Industrial-scale organic fertiliser lagoon gets go-ahead in East Devon – despite objections from 14 communities

Proposals for an industrial-scale lagoon of organic fertiliser in East Devon have been given the go-ahead – despite 14 nearby communities banding together to battle the bid.

District council planning chiefs have approved the scheme for a sealed digestate storage facility – with capacity for 7,000 cubic metres of liquid – near Upton Pyne.

The lagoon will be located on a waterlogged site off Rixenford Lane which is owned by the Earl of Iddesleigh.

It is served by a narrow, quiet country lane frequented by cyclists and walkers.

The project will support the operation of the Gorst Biogas Ltd anaerobic digestion plant at Enfield Farm, Clyst St Mary.

Nearby villages and hamlets joined forces to object to the proposals, along with the Devon Campaign to Protect Rural England.

Concern was expressed by residents in and representatives of  Upton Pyne; Brampford Speke; Langford; Shute; Efford; Shobrooke; Newton St Cyres; Thorverton; Rewe; Ratcliffe; Poltimore; Huxham; Cowley and Stoke Canon.

Applicant Stuarts Partners Ltd said the scheme supports the sustainability and efficiency of farming operations in the area and would not lead to a noticeable increase in traffic.

Agent Troy Stuart added that the bid will reduce the intensity of vehicle movements from the lagoon to the farm.

East Devon District Council’s (EDDC) Planning Committee approved the application at its June meeting by nine votes to three.

The authority’s development manager Chris Rose recommended the scheme for approval and told members: “The farm on which the site is located is one which is able to receive, and spread, material from Enfield Farm, near Clyst St, Mary, so a key part of the justification of the proposal is that the proposal would enable a reduction in the number of vehicle movements between the host farm and the Enfield Farm.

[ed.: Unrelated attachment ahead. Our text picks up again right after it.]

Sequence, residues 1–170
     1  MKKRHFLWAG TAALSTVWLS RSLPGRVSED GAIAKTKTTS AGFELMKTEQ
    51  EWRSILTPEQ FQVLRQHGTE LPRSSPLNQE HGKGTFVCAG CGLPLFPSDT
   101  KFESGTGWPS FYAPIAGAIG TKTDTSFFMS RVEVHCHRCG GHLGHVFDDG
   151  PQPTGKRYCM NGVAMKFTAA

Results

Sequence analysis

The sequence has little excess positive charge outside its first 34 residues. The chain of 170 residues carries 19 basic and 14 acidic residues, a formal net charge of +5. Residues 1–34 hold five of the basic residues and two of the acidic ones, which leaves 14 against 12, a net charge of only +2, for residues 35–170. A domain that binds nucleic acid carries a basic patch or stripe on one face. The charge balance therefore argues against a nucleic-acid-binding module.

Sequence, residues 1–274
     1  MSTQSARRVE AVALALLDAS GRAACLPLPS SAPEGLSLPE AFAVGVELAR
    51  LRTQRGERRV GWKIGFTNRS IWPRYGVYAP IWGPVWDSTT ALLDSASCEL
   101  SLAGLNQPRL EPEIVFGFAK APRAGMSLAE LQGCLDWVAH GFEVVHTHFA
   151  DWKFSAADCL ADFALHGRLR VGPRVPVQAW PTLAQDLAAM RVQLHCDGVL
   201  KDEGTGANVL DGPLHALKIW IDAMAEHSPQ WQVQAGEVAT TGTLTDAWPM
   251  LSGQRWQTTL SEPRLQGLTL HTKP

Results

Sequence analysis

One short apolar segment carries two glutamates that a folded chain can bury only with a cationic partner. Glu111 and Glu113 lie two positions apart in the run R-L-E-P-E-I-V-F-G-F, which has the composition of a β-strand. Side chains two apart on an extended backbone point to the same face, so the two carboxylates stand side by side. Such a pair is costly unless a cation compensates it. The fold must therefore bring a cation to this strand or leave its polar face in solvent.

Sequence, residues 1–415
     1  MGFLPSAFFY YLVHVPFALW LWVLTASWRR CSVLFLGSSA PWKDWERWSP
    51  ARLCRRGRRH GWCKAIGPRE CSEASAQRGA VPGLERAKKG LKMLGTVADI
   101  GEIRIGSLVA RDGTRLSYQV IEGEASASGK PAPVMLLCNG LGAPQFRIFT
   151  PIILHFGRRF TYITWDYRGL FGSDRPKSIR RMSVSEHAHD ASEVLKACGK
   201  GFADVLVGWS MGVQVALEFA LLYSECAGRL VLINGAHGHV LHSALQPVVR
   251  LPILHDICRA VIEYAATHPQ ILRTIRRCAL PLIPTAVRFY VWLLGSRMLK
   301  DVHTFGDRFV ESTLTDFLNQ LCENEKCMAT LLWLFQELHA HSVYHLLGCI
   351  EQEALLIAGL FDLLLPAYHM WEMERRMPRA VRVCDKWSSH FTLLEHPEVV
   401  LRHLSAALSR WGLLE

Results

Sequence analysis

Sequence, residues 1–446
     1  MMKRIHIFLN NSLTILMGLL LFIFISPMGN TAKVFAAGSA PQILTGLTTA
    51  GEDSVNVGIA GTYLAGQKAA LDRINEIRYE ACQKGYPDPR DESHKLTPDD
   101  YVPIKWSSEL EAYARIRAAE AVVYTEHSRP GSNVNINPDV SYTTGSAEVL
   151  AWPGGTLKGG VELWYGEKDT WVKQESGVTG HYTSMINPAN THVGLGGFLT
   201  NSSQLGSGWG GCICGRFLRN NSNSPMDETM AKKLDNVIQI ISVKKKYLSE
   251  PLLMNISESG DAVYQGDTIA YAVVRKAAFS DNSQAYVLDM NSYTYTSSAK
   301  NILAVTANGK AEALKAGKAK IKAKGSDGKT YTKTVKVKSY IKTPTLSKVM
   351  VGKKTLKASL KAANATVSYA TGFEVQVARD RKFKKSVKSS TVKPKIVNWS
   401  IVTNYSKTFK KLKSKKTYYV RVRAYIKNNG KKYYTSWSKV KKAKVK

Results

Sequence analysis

He added: “It is clear that this proposal has generated considerable interest from local residents and other consultees. However, it is considered that, on balance, and subject to conditions, the proposal is acceptable.”

Local resident Sally Doldorph pleaded with the committee to reject the plans and said: “The state of several hamlets is in your hands today.”

Councillor Roger Cashmore,  speaking on behalf of Newton St Cyres Parish Council, added: “Please reject this which only benefits the expansion plant of the AD on the other side of Exeter.

“Residents are angered and fail to grasp while this is even being considered and we have no confidence the conditions can be relied on or enforced.”

And Cllr Fabian King, who represents the Exe Valley ward, added: “I have never received such discontent, upset or anger in Exe Valley that I have over this application. There is no genuine agricultural need for this and there is so much opposition to this.”

Cllr Joe Whibley said it appeared there would be little grounds to defend refusal if it was appealed, but added: “This doesn’t feel right and I completely understand why the residents feel so strongly about this.”

Cllr Philip Skinner said: “What I think the applicant is trying to do is to try and reduce large volumes of traffic in a short window and having it in a much wider window because of the lagoon.

“The amount of movements won’t change whether we accept this or not, but how we deliver the movements over a longer period of time.

“In my opinion, I believe the benefits that will come from this is that the impact is likely to be less in volumes in short periods of time over a longer period than not having the lagoon.”

Cllr Tom Wright said he understood and sympathised with the concerns expressed, but that agriculture is changing and vehicles are much bigger.

He added: “However disruptive movements are, the implications are not to significantly increase those movements, so we have very few grounds to object,”

Cllr David Key said: “I cannot see the problem with this. I feel sorry for the people who live there, but we have to move on in life and this is part and parcel of farming.”

Councillors approved the application with a condition that the digestate can only be used on enterprises owned by the applicant.

East Devon MP backs Sidmouth animal charity’s ‘ground-breaking’ welfare work